Ancient baldcypress stands can still be found along other streams in the Southeast, but not quite as impressively as on the Black River. These remaining ancient cypress stands do not necessarily include huge trees with valuable timber. Their “decrepit over-mature” condition, the result of recurrent drought and gale over the centuries, reduced their value for saw timber. During our June field trip we also visited a fine tract of ancient cypress trees on the Little Pee Dee River, South Carolina, with Dr. Maria Whitehead who is heading a Nature Conservancy conservation effort in the Winyah Bay and Pee Dee River Basin. It will be a big job, but these ancient cypress forest remnants ought to be systematically mapped throughout the Southeast. Knowing where these ancient forest parcels are located is the obvious first step in their conservation. Where possible they ought to be conserved for their beauty, biodiversity, and scientific value. They are among the last pristine examples of the pre-settlement environment in the Carolinas.
We had not realized how large the area of ancient cypress forest actually is along the Black River. During previous trips we had only surveyed about 300 acres, but The Nature Conservancy has helped to conserve over 11,000 acres along the Black River, and much of it includes remarkably old trees. The Black River retains some of the highest surface water quality in the state of North Carolina and has been named an outstanding water resource by the Department of Environment and Natural Resources. We were gratified to learn that our research on the ancient baldcypress trees was helpful in raising awareness and interest in the conservation of these irreplaceable natural resources.
But the highlight of our trip was the visit to the ancient cypress wetlands of the Black River, certainly one of the greatest natural areas left in the southern United States. It was hot and the river was low. The stream is choked with sand in the Three Sisters area, where the oldest identified trees have been found. It braids into several channels of whiskey-colored water flowing over white sands and among the gigantic baldcypress trees. A colony of wood storks has recently moved into the forest, reclaiming habitat lost during their near extinction. If these ancient forested wetlands can continue to be protected then we are certain that these efforts will be appreciated by future generations.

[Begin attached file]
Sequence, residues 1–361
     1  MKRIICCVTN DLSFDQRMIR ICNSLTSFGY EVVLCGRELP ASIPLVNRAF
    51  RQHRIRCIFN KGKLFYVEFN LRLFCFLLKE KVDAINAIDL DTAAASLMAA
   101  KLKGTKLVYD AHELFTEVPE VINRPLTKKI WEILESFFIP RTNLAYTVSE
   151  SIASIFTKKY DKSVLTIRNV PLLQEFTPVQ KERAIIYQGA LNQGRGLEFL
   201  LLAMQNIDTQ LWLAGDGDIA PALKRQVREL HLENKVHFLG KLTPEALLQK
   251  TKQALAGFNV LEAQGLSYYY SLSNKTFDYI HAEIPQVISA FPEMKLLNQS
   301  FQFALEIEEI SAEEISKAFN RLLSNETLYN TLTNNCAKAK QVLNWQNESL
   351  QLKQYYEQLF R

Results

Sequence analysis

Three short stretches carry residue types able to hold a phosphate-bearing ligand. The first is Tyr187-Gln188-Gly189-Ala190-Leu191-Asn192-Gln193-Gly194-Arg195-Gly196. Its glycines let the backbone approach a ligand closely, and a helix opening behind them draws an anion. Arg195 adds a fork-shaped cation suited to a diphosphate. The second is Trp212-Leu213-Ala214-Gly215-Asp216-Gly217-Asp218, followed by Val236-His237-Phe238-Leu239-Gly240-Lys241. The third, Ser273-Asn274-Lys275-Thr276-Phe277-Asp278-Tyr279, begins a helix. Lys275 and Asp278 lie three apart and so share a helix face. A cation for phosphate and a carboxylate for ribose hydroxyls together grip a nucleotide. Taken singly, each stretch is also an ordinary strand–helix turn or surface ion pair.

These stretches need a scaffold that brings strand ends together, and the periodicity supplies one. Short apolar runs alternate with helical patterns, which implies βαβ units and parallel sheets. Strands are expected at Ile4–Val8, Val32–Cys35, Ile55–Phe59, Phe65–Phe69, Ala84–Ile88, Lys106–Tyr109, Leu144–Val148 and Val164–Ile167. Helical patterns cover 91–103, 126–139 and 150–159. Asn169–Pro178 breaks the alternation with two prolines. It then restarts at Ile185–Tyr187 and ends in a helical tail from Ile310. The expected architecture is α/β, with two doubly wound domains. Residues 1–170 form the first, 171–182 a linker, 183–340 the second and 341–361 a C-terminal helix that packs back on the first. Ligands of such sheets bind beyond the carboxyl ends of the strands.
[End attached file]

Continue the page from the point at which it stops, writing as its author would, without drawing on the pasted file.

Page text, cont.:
The Ringling Museums & Mansion are a full day of educational fun! I just love stuff like this. Another must-do during off season. The grandeur and splendor that await at this vast estate are amazing, astonishing, and really cool! The stories behind it all are fascinating. And I thought I heard the voices of various animal handlers and performers whispering to me throughout the day….and maybe Mable herself.
At the entrance you are greeted by a bevy of little old ladies waiting to tell you about different exhibits and shows in the visitor center, hand you programs, sell you tickets and make sure you stay on the walkways! (They are rather strict about this.)
The miniature circus exhibit takes up the entire first building that we decided to check out and is based on the Ringling Bros. Barnum & Bailey Circus from 1919. It took the model builder, whom the building is named after, Howard Tibbals, 50 years to create the finished product, referred to as the “Largest Miniature Circus in the World.” He started building it in college in 1956. Pretty impressive that what started as a hobby turned into a life-long pursuit. The second story of the Tibbals Learning Center was closed for renovation when we were there.